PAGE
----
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Comedian Kevin Hart went from headlining his own stand-up comedy tours to being the headliner on the cover “Rolling Stone.” Sources say that Kevin always dream of being on the cover of Rolling out magazine and he’s the self-proclaimed “comedic rock star.”

On his humble beginnings:

“I’ve been to some of the damnedest places for comedy,” Hart says. “I performed in a place in Atlantic City called Sweet Cheeks. It was a male strip night, and some nights a female strip night, and in the middle they would stop the stripper show and have intermission, where as comedians it was our job to go up and make the people laugh. I performed at family dinners, family functions, like where you get there and you’re the entertainment for a household. You name it: All shots to my pride have been taken.”

On appealing to various demographics:

Race as an overt topic figures very little into Hart’s comedy. His core audience is black, but “I approach it on a universal level,” he says, and the proof of his success on this score is the racially diverse crowd that now comes out to see him. “If you associate yourself with one group of people, you alienate another 12, you know? So the thing for me is, how can I make everybody laugh at this one thought? The thought may be provoked by something that happened on the stoop or at the barbershop, but now how do I make it broad enough for everyone to understand it and see it?”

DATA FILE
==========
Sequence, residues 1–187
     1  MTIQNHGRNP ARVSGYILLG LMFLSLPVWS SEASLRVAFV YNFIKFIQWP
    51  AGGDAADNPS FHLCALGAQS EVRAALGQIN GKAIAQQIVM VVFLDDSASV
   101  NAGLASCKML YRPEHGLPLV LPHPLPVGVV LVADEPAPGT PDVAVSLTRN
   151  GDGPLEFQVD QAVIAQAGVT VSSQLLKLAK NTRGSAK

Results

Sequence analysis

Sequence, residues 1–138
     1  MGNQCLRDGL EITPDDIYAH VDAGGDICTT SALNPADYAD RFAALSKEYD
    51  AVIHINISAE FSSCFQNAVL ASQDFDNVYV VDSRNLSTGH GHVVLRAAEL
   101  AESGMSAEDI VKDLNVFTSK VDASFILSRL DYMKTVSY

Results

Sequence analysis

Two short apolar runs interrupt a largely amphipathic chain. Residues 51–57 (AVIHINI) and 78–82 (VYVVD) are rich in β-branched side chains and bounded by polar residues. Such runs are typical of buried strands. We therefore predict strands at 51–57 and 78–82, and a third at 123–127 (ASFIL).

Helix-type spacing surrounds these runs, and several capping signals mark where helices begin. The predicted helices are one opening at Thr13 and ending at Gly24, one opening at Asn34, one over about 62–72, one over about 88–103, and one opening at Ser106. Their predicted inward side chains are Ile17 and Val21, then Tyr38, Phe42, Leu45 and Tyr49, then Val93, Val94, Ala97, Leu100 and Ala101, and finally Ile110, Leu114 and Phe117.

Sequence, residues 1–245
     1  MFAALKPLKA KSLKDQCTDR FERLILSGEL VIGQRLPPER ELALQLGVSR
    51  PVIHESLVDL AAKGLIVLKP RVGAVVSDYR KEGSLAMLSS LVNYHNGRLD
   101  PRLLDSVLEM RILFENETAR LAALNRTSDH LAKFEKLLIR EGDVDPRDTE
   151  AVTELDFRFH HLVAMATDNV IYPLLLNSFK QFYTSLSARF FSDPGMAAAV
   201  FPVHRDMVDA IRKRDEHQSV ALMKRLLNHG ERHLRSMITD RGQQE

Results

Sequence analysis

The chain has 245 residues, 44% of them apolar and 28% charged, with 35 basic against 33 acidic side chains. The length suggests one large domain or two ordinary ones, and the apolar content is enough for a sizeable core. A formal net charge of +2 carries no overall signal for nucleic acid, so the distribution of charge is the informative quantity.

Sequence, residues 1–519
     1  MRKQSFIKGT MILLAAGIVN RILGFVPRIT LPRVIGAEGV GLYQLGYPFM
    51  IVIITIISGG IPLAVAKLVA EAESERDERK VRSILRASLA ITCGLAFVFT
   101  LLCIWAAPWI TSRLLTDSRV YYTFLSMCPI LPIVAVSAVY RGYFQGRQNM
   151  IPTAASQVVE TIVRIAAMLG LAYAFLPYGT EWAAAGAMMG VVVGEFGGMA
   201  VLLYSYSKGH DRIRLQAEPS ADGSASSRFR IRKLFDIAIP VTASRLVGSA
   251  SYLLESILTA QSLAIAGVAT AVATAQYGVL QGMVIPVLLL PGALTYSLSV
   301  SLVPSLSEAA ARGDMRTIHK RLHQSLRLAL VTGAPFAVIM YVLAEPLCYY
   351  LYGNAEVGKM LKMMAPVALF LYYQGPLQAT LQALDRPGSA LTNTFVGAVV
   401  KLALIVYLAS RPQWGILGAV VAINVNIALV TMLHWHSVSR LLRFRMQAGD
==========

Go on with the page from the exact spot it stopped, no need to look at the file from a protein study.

On why he refrains from joking about race/racism:

I ask if he has ever felt compelled to address race more pointedly in his act, particularly in the past year, when racism, and racist violence, have dominated the national conversation. He says that, offstage, these issues infuriate him: “A guy in the hood with two nickel bags of weed gets five years in jail, because they say they want to make an example of him, but I haven’t seen one judge make an example out of one of these police officers that killed one of these young black men.” But he keeps it offstage: “When I see videos of children being shot dead by police, I don’t talk about it because it’s something that scares me. Because I have kids. At that point, it’s not a joking matter. There is no joking there. I would not touch it.”